Thursday, 12 February 2009
Those Good Old Times (The Countryman again)
One of the delicacies at a commercial travellers' festivity at the King's Arms Hotel, Kendal (Cumbria) on Christmas Eve, 1840, was a pie which 'contained two fat geese, two large turkeys, four fowls, two pheasants, four grouse, two hens, four prize rabbits, three tongues and eight pounds of beefsteak and ham. Its circumference measured seven feet, it was ten inches in depth, and weighed 5 stone 8 pounds.'
In the exercise book of 'Master George Howse' of Over Norton, dated 1818 and written in his schoolmaster's best copperplate, two addition sums involve items of ten marks, and a moidore, which is valued at £1. 7shillings. There are two queries as to the amounts payable by the neighbouring parishes, assessed (for £30. 15shillings 6 pence in one case) in respect of a 'robbery committed on the highway', and a final question is, 'What sum did that gentleman receive in dowry with his wife whose fortune was her wedding suit, her petticoat having two rows of furbelows each furbelow 87 quills and in each quill 21 guineas?' Answers on a postcard please . . .
Below is the first paragraph of a manumission of serfs document on the fly-leaf of an Anglo-Saxon Gospel Book in Bath Abbey: Here is declared on this Christ's book that Leofnoth the son of Aegnelnoth of Korstune (Corston) hath brought him and his offspring from Aelfsig the Abbot and all the brotherhood at Bath for five ora and 12 head of sheep. Witness the port reeve Kuscilla and all the citizens of Bath. May Christ blind him that ever upsets this.
An ora was the eighth of a mark and the mark is said to have equalled 13 shillings and 4 pence. The phrase 'May Christ blind him that ever upsets this' occurs again and, in the Anglo-Saxon, rhymes. The document deals with the freeing by purchase of, in all, five persons and their offspring.
The rule of the Blewbury Friendly Society, dated 1794, include the proviso: 'Every member shall provide himself with a Hat-band and Gloves to attend the funeral of any brother member at his own expence, or forfeit two shillings and sixpence.'
From the 'New Universal Parish Officer' of 1771: 'And whereas women wandering and begging are often delivered of children in parishes to which they do not belong, whereby they become chargeable to the same, it shall be lawful for the churchwardens to detain such woman until they can safely convey her to some justice of the peace who shall examine her and commit her to the house of correction, until the next sessions, who may (if they see convenient) order her to by publickly whipt.' There is a form of warrant to a constable 'to command you to strip from the middle upwards a rogue and vagabond found wandering and begging and to whip him or cause him to be whipt at the common whiippping-post in your said parish.'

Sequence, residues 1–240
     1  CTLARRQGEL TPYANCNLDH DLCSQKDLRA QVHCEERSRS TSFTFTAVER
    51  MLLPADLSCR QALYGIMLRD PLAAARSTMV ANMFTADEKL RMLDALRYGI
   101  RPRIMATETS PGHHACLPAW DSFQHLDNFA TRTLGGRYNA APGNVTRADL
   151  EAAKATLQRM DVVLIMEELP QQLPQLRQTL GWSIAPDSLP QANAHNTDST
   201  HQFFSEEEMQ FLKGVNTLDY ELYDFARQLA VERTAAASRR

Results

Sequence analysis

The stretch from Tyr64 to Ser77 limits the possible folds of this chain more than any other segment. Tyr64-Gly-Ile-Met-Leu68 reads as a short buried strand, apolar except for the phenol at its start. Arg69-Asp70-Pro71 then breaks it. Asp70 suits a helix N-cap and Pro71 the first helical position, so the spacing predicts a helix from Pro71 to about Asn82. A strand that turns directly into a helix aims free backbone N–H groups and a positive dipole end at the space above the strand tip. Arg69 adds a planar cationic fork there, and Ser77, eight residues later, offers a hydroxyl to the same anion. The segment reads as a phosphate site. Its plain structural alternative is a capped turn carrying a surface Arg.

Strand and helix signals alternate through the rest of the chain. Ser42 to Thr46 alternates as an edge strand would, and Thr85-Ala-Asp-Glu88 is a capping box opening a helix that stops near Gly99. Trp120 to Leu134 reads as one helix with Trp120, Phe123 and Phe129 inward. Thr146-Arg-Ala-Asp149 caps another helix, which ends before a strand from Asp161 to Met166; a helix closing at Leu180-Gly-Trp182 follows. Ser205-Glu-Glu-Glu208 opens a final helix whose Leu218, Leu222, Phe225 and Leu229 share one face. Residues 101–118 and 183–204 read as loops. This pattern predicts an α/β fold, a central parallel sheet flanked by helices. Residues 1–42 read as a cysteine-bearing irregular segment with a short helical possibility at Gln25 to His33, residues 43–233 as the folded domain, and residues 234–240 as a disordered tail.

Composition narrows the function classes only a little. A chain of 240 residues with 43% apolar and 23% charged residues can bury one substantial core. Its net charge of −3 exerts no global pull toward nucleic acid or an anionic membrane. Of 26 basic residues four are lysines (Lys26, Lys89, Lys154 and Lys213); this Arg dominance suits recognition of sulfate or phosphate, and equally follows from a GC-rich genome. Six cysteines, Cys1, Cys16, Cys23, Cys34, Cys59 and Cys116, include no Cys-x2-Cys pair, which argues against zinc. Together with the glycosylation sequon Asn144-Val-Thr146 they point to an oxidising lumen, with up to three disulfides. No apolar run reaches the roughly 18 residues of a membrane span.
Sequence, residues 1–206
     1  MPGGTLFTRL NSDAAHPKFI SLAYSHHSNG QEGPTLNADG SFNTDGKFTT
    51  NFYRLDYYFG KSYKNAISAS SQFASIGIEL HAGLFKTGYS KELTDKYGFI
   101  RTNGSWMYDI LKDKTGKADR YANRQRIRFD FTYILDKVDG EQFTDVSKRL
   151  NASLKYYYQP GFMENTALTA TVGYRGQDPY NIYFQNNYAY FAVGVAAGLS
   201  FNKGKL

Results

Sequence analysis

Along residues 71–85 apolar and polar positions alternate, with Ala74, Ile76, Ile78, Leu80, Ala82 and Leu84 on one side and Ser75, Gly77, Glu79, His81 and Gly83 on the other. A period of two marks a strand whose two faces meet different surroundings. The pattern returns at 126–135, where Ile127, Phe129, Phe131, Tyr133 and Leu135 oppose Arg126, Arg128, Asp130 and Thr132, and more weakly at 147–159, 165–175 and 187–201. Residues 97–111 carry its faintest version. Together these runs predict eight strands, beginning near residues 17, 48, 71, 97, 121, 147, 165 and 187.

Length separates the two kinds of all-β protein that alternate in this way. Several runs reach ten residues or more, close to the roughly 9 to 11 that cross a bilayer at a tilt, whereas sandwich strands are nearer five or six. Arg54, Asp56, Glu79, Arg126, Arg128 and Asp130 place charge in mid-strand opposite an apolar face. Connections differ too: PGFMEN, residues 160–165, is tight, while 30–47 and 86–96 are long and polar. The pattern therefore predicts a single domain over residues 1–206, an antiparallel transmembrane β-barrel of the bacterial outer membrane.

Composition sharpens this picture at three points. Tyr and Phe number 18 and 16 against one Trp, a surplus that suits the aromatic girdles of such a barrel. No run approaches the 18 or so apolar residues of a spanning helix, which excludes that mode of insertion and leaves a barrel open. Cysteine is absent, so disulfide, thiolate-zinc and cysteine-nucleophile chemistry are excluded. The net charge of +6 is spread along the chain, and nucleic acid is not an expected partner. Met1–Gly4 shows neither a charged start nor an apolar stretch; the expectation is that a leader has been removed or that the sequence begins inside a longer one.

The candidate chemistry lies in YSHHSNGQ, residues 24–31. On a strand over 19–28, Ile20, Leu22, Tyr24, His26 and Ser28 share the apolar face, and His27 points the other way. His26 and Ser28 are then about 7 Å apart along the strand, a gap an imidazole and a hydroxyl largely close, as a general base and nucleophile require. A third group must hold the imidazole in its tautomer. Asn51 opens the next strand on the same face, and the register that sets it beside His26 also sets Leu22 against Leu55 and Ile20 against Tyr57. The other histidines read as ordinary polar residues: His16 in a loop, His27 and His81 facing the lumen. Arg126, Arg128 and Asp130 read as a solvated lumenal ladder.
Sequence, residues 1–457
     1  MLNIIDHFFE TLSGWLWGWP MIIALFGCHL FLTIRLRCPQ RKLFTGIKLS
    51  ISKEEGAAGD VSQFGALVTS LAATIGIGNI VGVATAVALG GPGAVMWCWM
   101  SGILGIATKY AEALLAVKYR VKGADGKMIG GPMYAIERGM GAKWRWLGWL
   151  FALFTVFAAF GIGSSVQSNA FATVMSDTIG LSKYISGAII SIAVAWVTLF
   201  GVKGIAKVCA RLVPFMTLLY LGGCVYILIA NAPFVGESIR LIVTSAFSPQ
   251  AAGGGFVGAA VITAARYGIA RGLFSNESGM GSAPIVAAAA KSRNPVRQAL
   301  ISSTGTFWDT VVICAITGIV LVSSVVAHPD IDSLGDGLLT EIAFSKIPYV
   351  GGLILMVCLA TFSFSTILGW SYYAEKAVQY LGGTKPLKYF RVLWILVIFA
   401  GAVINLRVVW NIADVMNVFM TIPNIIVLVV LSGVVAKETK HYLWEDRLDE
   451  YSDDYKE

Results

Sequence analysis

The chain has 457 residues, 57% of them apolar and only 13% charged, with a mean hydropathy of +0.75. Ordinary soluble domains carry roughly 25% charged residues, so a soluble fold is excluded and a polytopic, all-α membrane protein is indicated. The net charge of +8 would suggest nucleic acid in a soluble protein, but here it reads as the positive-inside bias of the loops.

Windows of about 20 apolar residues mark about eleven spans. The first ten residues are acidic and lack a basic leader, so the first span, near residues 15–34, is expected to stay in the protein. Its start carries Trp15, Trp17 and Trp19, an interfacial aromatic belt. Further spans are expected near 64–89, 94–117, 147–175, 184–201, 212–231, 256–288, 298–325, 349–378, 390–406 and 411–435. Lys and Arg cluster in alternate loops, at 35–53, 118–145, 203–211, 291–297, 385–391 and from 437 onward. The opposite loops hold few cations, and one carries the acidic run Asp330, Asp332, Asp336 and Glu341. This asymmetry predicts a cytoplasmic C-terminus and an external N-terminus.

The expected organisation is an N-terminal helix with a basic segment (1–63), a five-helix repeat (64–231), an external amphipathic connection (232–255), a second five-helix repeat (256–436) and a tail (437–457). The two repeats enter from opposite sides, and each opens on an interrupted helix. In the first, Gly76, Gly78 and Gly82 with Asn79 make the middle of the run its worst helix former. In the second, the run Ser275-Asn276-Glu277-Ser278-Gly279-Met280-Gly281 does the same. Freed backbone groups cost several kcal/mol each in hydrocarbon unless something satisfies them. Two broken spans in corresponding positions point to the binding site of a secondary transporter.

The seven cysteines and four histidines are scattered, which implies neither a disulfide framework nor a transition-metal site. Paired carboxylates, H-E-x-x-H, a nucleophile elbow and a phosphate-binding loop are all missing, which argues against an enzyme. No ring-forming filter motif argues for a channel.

A little book found at Bishop's Waltham, a village in Hampshire (not far from where I grew up in Southampton) records a bachelor's purchases from March 1739 to September 1747. Tea cost six shillings a pound, coal about eleven shillings a ton. 'Idle' expenses include:
March 11th, 1741 Lost at Cockfighting and cards .. .. 17 shillings 4 pence
March 15th Lost at cards 2 shillings, spent 6d 2 6
March 18th Lost at cards .. .. .. 18 0
Memo Not to play in a Publick House more.
April 9th Lost at cards .. .. .. 2 3
April 15th Spent (cards) .. .. .. 2 10
May 4th Lost at coits (quoits) .. .. .. 1 4
The diary then jumps to October 1742. Four pounds of beef cost a shilling; a duck ninepence; a chicken tenpence; 'half a hundred oysters' threepence; lobsters ninepence each; asparagus one-and-sixpence a hundred. Then:
Sept. 12th, 1742 Lost at cards 4 shillings at Baynes's.
Promised to pay a gallon of beer when I play again.
Sept. 24th Mind never more to drink or call for half-a-pint at Baynes's.
But alas for human nature: November 29th, 1743: Mind never to play at cards any more at Baynes's nor drenk by half-pints.'
Here is a quotation from the 'Peterborough Advertiser' about the annual meeting of the Court Leet at Godmanchester: You shall swear as Swanherd of this Borough (is the wording of the oath which is administered) you shall if any stray swan come within this Borough be careful to save for the town's use, and if you shall find any swan foul marked or foxed you shall seize them for the town. You shall watch in winter time for them that set lime twigs or lay panters or snares where swans frequent in the high stream or elsewhere, within this Borough, and take them up and show them to Mr Bailiffs that the offenders be punished; and other things belonging to your office you shall do the best of your power. So help you God.'